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Emmys: Here's Our Dream Ballot for Lead Actor in a Drama Series

Jon Hamm can't go Emmy-less for Don Draper!

Joyce Eng

Emmy season is upon us! Voters have until June 26 to fill out their nomination ballots before the big announcement on July 16. We have a few selections in mind ourselves. Up next: our wish list for Outstanding Lead Actor in a Drama Series.

Charlie Cox, Daredevil
Playing the blind vigilante meant Cox didn't get the luxury afforded most actors: emoting with his eyes. Instead, Cox does it all with his captivating screen presence, an intoxicating mix of guilt, anger, hope and warmth that has made Matt Murdock the most grounded and believable of the latest influx of superheroes. When he gets hurt, he actually feels the pain, and you definitely don't (pardon the pun) see that every day.

Jon Hamm, Mad Men
This is your annual reminder that Mad Men has never won an acting Emmy. It's an absurd 0-34 and Hamm is the biggest loser in this category at 0-7. The final run of episodes didn't give Hamm loud material, like "The Suitcase," but he was just as riveting and devastating as Don embarked on his journey of self-discovery and reflection. You can debate whether Don made the Coke ad, but there's no debate that Hamm needs to be recognized for giving us Don Draper.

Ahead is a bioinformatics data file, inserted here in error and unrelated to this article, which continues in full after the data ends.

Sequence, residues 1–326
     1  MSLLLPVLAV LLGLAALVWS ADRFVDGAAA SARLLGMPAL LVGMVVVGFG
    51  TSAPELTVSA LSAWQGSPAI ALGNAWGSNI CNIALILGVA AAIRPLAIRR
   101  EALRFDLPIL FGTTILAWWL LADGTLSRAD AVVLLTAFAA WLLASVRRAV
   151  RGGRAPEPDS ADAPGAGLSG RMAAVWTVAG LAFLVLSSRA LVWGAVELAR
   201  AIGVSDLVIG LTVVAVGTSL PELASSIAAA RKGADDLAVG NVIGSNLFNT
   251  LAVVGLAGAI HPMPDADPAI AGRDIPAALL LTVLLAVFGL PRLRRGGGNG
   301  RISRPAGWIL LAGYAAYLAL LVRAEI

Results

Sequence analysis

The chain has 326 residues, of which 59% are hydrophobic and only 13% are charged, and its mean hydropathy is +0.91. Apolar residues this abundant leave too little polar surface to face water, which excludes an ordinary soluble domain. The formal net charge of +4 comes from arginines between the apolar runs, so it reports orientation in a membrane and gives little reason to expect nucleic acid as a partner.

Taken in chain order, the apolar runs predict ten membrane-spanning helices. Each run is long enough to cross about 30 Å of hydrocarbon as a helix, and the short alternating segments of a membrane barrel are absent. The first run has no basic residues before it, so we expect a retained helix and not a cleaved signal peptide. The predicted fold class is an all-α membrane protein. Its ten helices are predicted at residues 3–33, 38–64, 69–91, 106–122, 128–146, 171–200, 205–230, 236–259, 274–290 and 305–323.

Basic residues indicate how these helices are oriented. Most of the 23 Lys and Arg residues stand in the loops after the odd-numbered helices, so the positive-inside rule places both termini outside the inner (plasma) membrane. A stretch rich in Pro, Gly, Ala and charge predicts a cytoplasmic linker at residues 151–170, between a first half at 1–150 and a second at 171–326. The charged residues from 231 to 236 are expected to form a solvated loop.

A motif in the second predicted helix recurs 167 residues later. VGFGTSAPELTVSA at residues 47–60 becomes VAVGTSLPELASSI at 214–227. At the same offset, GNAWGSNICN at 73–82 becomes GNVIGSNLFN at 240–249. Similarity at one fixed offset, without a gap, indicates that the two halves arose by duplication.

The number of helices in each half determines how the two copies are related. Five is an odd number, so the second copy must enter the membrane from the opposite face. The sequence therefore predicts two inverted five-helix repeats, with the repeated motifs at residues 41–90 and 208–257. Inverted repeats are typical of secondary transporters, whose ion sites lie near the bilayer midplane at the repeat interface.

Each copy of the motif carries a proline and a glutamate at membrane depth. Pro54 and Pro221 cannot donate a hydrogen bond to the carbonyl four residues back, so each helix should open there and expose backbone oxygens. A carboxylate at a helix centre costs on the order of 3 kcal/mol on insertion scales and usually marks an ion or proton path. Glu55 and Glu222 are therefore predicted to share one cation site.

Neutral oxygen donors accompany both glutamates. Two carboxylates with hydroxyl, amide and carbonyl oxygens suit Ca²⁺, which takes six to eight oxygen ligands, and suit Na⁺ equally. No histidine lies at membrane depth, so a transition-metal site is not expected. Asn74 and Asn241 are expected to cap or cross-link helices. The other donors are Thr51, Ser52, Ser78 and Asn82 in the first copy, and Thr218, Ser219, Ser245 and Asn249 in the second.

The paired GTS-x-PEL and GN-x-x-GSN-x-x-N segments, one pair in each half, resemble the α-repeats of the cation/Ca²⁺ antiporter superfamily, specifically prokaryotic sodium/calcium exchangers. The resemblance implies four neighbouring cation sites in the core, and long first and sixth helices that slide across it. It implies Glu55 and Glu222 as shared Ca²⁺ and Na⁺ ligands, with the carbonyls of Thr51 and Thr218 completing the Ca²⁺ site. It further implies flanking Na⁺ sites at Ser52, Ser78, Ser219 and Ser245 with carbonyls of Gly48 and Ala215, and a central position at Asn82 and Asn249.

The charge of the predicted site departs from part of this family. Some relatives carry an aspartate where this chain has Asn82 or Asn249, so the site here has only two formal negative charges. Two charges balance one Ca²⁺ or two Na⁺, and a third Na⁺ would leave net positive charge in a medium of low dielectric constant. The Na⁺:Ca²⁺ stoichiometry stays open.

Emmys: Here's our dream ballot for lead actress in a drama series

Freddie Highmore, Bates Motel
Like Mads Mikkelsen on Hannibal, Highmore has the burden of making an iconic character all his own. If there were any doubts about his ability before, they were all put to rest in Season 3 when Norman's descent into the psycho began in full force. As Norman tried in vain to control the "Mother" inside him, Highmore was never more creepily disturbing and profoundly heartbreaking. If Highmore, who moved up from supporting, doesn't get in this year, you have at least two more chances to right that wrong, voters.

Bob Odenkirk, Better Call Saul
You'd be forgiven if you went into the Breaking Bad spin-off expecting the same kind of comical, cocky bluster from Odenkirk. There were glimpses of the future Saul Goodman, but what Odenkirk did so superbly was create a whole other identity to someone we already knew and loved. Jimmy McGill wanted to do good and Odenkirk made sure every struggle felt real -- none more so than the palpable pain when Jimmy realized that Chuck had betrayed him and wanted him to fail: "I thought you were proud of me." We are, Jimmy.

Emmys: Here's our dream ballot for supporting actor in a drama series

Matthew Rhys, The Americans
The Soviet spy business, which had him seducing a teenager this year, and the secrets and lies began to take their toll on Philip -- and it showed in the contours of Rhys' face. It's not elastic, but every subtle gaze and look sketched the unease bubbling inside him, down to the season's final moments when he seemed a second away from defecting. And of course, we'd be remiss if we didn't mention Philip, with the deadliest of stares, taking off his Clark wig for Martha in a scene more frightening than any horror movie.

Aden Young, Rectify
Everything about Young's performance as Daniel is small -- the silent glances, the economy of his movement, the sparse choice of words -- and it's easy to overlook it (and the show itself). But if you watch it, you won't be able to shake it from your mind. Anyone can recite pages of monologues, scream and cry; it takes a lot more care, craft and precision to say it all without actually saying much at all.

Who would you nominate?